Home » Living in Singapore » Environmental news: Tips for being green
Environment Exclude Living in Singapore

Environmental news: Tips for being green

Want to do your part in helping the planet? Here are some events that will help the environment plus helpful tips to keep your home green.

Is there anything more important than making the world a better place? We think not! Here is our monthly update on whats happening now. For other tips for being green and where to recycle in Singapore see our environment section – we are keen for us all to make a difference.

Cut the Cups!

Environmental news

Last month’s three-day homage to the brown bean, the Singapore Coffee Festival, is an indication of how seriously we take our daily caffeinated beverage. But have you thought about the cup you drink it in? If it’s a takeaway, it’s likely a cup that looks recyclable but actually isn’t, because of the plastic coating. The issue takes on greater weight when you consider how many cups are disposed of – in Australia alone, it’s estimated at 2.7 million a day. Yet it’s so easy to bring your own reusable cup to your local café; the KeepCup is one popular example. And, if you like to linger in a café rather than grab a takeaway, you’ll soon be able to drink from the new HuskeeCup. The environmentally friendly cup is made from coffee husk, the outer shell of the bean discarded during the milling phase. It’s chip- and crack-resistant and should look right at home on the counter of the hippest café. The cup raised US$113,000 in crowd-funding – far exceeding its modest target of US$20,000. huskee.co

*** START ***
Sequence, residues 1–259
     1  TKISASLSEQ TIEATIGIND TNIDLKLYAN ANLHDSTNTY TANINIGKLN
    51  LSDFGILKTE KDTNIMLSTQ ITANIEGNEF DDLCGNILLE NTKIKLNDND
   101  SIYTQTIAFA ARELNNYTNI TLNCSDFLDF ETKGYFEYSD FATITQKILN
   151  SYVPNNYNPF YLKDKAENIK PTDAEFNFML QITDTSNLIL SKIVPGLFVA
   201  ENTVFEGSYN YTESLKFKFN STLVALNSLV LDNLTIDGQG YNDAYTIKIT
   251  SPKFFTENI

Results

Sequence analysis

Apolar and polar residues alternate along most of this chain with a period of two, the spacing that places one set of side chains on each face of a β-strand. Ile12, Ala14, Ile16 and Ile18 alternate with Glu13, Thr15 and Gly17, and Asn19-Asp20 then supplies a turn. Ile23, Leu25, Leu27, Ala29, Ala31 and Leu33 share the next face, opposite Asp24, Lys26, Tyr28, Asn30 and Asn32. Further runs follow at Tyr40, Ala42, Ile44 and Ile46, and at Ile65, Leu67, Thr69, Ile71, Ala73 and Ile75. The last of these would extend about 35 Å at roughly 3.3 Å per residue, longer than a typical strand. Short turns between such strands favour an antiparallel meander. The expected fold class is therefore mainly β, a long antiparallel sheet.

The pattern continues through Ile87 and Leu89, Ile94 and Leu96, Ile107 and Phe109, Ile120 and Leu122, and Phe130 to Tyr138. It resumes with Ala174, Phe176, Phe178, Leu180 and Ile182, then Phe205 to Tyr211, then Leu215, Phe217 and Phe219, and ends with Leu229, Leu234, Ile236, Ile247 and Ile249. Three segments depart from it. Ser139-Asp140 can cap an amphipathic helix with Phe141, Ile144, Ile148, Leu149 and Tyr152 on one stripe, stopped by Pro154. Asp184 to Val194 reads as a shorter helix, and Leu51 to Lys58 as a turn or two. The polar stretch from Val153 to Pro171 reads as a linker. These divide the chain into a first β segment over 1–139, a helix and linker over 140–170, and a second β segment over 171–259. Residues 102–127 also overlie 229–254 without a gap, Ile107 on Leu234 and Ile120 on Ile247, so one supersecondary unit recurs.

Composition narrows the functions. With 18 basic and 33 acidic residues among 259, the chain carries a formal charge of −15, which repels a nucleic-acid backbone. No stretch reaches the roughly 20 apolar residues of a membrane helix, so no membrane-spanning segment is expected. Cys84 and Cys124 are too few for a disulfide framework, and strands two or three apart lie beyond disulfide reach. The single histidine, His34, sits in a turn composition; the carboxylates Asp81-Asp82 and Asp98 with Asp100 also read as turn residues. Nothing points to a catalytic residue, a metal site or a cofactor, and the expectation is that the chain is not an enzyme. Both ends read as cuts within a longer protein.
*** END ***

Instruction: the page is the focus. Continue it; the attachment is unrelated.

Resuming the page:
A Price on Gorillas

Fauna & Flora International has applauded the Rwandan government, one of three countries with responsibility for the critically endangered mountain gorilla, for doubling the price – from US$750 to $1,500 – for spending one hour with gorillas in the Volcanoes National Park. They say the change will ensure tourism grows within ecological limits. fauna-flora.org

Environmental news

Mission Accomplished

Good news! Last month, we reported on the urgent appeal of the WWF for protecting the wild Asian elephant population in Myanmar, on account of heavy poaching of adults and calves to satisfy a new demand for their skins. The NGO reports that over 1,000 generous people contributed more than S$70,000, enough to fund two anti-poaching squads, plus training, surveillance equipment and transport. savetheirskins.com

Environmental news

 

Re-thinking that time of the month

Like nappies, female sanitary products cop criticism because they are disposable and nonbiodegradable. The good news is that we now have choices, thanks to the release of several innovative and environmentally friendly products.

Singapore based Freedom Cups are silicon cups that are inserted into the cervix to collect menstrual fluid. Manufacturers say one cup can be reused for up to 15 years. An alternative, also made from silicon, is the Diva Cup, which offers up to 12 hours of protection. Another option, possibly more appealing for teenage girls, is Thinx – absorbent anti-microbial underwear worn during menstruation. Nicknamed “period panties”, they’re made from four layers of fabric and can be worn all day, washed and re-used. freedomcups.org | divacup.com | shethinx.com

Love the environment? Read how you could do more here.

This article first appeared in the September 2017 edition of Expat Living. You can purchase a copy or subscribe so you never miss an issue!

Comments